Sounds good! I hope my comments weren’t considered sarcastic — I really do enjoy the commercials, and was concerned about the support model. Got to keep those podcasts coming. Thanks!

    Posted by Mike Barker
  28. April 16, 2009 @ 12:12 am

    Please tell me you’ll keep on recording the commercials yourselves..

    Posted by Chris
  29. April 16, 2009 @ 10:31 am

    Agreed. I love the commercials, especially because you guys do them yourselves.

    Posted by Callisto
  30. April 16, 2009 @ 2:34 pm

    Count me among those who had a LOT of static on this podcast.

    Posted by Cornan
  31. April 16, 2009 @ 4:27 pm

    I like the commercials too!

    Posted by CM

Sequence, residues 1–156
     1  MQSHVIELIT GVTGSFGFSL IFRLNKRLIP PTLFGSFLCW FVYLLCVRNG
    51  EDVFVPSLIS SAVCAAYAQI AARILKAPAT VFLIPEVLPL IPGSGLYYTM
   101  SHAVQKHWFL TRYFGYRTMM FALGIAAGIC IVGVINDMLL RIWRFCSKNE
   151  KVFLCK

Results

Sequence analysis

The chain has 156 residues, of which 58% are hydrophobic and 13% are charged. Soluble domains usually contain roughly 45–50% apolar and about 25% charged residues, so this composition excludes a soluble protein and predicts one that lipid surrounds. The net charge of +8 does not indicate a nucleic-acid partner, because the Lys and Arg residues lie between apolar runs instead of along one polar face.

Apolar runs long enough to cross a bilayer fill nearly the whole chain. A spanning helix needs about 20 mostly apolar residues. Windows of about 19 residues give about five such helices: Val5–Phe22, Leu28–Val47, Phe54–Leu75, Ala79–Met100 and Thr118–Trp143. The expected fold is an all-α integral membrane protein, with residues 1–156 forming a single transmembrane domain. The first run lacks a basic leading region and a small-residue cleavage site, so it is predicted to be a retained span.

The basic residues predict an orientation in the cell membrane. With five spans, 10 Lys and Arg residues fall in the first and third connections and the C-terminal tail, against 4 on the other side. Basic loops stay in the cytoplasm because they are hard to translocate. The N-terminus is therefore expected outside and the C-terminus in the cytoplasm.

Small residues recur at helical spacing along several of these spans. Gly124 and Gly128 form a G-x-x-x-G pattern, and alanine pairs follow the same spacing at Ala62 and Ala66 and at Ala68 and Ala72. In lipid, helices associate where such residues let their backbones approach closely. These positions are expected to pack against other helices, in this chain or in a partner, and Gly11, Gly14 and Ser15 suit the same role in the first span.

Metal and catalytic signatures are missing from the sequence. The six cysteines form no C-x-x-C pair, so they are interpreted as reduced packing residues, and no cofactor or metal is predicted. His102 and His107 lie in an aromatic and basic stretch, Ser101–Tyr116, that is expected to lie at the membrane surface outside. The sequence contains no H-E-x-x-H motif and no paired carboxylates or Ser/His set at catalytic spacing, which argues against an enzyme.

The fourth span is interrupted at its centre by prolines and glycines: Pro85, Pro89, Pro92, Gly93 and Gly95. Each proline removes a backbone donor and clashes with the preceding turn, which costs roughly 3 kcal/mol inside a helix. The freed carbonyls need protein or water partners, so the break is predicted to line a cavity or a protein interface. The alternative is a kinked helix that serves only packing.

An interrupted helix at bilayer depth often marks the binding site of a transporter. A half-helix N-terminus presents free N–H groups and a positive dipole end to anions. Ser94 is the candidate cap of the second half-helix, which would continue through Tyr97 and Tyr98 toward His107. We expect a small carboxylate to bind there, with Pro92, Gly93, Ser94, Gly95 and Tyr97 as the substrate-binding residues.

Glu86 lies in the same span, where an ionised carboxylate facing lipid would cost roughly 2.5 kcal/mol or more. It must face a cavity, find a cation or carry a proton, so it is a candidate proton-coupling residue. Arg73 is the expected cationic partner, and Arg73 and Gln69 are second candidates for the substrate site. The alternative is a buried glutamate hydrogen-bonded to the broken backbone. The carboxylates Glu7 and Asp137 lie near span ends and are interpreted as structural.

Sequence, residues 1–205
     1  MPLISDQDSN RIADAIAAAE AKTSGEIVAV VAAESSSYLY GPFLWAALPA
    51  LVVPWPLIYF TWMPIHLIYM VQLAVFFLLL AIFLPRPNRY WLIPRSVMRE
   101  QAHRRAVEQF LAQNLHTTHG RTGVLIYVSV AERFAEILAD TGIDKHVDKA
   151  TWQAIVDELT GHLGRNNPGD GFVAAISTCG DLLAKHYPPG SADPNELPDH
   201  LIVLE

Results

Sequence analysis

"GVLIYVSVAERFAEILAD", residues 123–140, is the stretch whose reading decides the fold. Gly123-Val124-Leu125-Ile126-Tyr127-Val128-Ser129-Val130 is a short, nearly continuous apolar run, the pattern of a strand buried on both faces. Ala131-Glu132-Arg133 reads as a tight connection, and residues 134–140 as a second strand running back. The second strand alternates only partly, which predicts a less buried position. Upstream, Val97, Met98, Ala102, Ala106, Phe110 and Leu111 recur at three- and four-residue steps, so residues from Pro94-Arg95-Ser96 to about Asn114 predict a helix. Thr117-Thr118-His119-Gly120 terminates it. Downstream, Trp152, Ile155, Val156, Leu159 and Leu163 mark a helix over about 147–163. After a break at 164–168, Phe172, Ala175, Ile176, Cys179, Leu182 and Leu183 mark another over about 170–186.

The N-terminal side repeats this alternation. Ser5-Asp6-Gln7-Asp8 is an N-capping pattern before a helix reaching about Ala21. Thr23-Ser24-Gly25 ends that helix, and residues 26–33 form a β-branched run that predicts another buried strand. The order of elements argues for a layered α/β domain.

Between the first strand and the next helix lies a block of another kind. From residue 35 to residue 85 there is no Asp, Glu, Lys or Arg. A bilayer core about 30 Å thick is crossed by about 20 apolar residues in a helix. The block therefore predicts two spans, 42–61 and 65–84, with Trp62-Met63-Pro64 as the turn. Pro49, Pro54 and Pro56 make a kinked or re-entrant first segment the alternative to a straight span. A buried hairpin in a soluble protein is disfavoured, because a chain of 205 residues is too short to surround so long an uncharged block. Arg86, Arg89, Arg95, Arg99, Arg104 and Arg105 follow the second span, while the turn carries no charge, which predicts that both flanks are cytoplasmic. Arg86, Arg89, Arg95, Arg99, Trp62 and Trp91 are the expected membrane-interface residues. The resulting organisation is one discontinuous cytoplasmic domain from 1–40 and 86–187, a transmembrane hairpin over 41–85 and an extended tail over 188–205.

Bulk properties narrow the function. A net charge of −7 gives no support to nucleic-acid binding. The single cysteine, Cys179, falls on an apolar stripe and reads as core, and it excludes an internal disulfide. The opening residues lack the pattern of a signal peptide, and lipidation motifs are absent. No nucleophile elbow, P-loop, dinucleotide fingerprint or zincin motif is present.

32. April 16, 2009 @ 4:34 pm

    S. Meyer is a horrible writer. J.K’s writing has a brilliant and seamless flow.

    Posted by Donavan
  33. April 16, 2009 @ 4:46 pm

    No static here — but I use the download option and then play it locally (using Windows Media Player on my pc, if that makes a difference). How are those who are running into static playing the podcast? Which button do you click above?

    Posted by Mike Barker
  34. April 16, 2009 @ 5:24 pm

    You folks make me feel horrendously unobservant. I didn’t even notice the absence of a commercial.

    I got static the first time, too; I was playing it live from the site. Mike’s right, if you download the episode, the static seems to vanish.

    Odd. But if it works, I guess…

    Posted by Raethe
  35. April 17, 2009 @ 9:01 am

    Yes, we will continue to do the commercials ourselves (or invite our guests to do their own). Anything more slickly produced than that would feel out of place on this podcast.

    Posted by Dan Wells
  36. April 17, 2009 @ 10:45 am

    Speaking of reading, I just finished I Am Not A Serial Killer last night. (and it actually gave me a nightmare. Quite an accomplishment)
    Great read, Dan. I’m looking forward to reading more of your work.